Big Data Text Summarization - Hurricane Irma
Chava, Raja Venkata Satya Phanindra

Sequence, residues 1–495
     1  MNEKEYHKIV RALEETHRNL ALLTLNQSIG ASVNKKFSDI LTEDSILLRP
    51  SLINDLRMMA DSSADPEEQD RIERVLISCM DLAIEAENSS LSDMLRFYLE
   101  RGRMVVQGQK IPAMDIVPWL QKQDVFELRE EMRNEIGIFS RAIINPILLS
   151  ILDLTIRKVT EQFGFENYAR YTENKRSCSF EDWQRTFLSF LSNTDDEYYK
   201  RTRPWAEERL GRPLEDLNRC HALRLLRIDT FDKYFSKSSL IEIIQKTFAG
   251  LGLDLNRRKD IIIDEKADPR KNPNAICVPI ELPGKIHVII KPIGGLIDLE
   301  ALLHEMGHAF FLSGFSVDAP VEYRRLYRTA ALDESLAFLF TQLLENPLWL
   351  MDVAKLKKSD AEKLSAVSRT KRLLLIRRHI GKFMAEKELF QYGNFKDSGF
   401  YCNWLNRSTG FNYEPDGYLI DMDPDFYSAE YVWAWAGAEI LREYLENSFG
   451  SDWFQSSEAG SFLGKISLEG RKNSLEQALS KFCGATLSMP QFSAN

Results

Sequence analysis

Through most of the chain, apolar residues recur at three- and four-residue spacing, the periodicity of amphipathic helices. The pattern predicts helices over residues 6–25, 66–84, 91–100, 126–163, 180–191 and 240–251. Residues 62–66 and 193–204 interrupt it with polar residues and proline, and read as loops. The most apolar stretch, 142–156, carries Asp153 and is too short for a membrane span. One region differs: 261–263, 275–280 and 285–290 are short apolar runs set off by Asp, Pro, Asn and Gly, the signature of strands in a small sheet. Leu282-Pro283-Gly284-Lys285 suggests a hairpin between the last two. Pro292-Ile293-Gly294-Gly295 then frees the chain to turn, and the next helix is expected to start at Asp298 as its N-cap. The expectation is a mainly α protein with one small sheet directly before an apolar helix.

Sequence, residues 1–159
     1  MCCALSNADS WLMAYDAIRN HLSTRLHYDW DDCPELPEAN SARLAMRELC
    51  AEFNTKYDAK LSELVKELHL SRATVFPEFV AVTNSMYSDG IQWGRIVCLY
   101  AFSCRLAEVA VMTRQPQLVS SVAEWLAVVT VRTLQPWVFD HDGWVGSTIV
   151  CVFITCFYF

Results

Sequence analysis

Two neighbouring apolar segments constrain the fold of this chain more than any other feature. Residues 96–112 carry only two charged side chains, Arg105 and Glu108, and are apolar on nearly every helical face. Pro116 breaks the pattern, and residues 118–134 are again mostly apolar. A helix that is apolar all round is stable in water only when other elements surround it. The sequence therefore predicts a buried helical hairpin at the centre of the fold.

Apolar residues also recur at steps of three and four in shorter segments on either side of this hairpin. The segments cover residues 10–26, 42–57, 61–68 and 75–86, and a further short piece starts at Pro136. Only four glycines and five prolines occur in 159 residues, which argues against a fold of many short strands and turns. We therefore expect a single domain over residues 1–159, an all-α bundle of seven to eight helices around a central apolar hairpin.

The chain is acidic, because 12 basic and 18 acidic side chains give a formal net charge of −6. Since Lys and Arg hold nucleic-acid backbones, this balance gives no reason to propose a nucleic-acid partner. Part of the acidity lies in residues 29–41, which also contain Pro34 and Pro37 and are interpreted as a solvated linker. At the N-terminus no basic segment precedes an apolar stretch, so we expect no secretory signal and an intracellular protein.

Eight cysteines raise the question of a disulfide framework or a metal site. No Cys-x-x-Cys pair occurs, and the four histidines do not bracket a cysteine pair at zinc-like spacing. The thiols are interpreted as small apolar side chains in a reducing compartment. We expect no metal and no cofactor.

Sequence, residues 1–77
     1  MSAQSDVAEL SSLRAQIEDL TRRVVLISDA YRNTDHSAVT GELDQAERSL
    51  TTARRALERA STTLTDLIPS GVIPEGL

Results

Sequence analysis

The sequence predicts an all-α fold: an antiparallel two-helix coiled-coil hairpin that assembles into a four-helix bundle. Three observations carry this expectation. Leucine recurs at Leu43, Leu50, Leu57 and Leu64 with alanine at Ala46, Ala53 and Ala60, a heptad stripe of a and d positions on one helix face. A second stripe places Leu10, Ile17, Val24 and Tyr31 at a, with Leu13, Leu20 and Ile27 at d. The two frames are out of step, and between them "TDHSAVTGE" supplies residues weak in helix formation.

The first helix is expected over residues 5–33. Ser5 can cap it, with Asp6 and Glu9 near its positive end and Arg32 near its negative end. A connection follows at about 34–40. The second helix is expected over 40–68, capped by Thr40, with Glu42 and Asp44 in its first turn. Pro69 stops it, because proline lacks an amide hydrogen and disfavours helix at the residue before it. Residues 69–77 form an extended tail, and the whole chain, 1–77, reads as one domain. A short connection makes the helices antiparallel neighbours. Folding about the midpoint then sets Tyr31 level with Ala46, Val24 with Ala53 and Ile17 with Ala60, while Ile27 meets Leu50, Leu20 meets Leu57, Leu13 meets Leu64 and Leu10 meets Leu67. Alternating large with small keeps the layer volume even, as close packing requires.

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With the increased rate of content generation on the Internet, there is a pressing need for making tools to automate the process of extracting meaningful data. Big data analytics deals with researching patterns or implicit correlations within a large collection of data. There are several sources to get data from, such as news websites, social media platforms (for example FaceBook and Twitter), sensors, and other IoT (Internet of Things) devices. Social media platforms like Twitter prove to be important sources of data collection since the level of activity increases significantly during major events such as hurricanes, floods, and events of global importance. For generating summaries, we first had to convert the WARC file which was given to us, into JSON format, which was more understandable. We then cleaned the text by removing boilerplate and redundant information. After that, we proceeded with removing stopwords and getting a collection of the most important words occurring in the documents. This ensured that the resulting summary would have important information from our corpus and would still be able to answer all the questions. One of the challenges that we faced at this point was to decide how to correlate words in order to get the most relevant words out of a document. We tried several techniques such as TF-IDF in order to resolve this. Correlation of different words with each other is an important factor in generating a cohesive summary because while a word may not be in the list of most commonly occurring words in the corpus, it could still be relevant and give significant information about the event. Due to the occurrence of Hurricane Irma around the same time as the occurrence of Hurricane Harvey, a large number of documents were not about Hurricane Irma. Due to this, all such documents were eliminated as they were deemed non-relevant. Classification of documents as relevant or non-relevant ensured that our deep learning summaries were not getting generated on data that was not crucial in building our final summary. Initially, we attempted to use Mahout classifiers, but the results obtained were not satisfactory. Instead, we used a much simpler world filtering approach for classification which has eliminated a significant number of documents by classifying them as non-relevant. We used the Pointer-Generator technique, which implements a Recurrent Neural Network (RNN) for building the deep learning abstractive summary. We combined data from multiple relevant documents into a single document, and thus generated multiple summaries, each corresponding to a set of documents. We wrote a Python script to perform post-processing on the generated summary to convert all the alphabetic characters after a period and space to uppercase. This was important because for lemmatization, stopword removal, and POS tagging, the whole dataset is converted to lowercase. The script also converts the first alphabetic character of all POS-tagged proper nouns to upper case. ROUGE (Recall-Oriented Understudy for Gisting Evaluation) is used to evaluate the generated summary against the golden standard summary. The abstractive summary returns good evaluation results when compared with the Golden Standard on the ROUGE_sent evaluation. The ROUGE_para and cov_entity evaluation results were not up to the mark, but we feel that was mainly due to the writing style of the Gold Standard as our abstractive summary was able provide most of the information related to Hurricane Irma.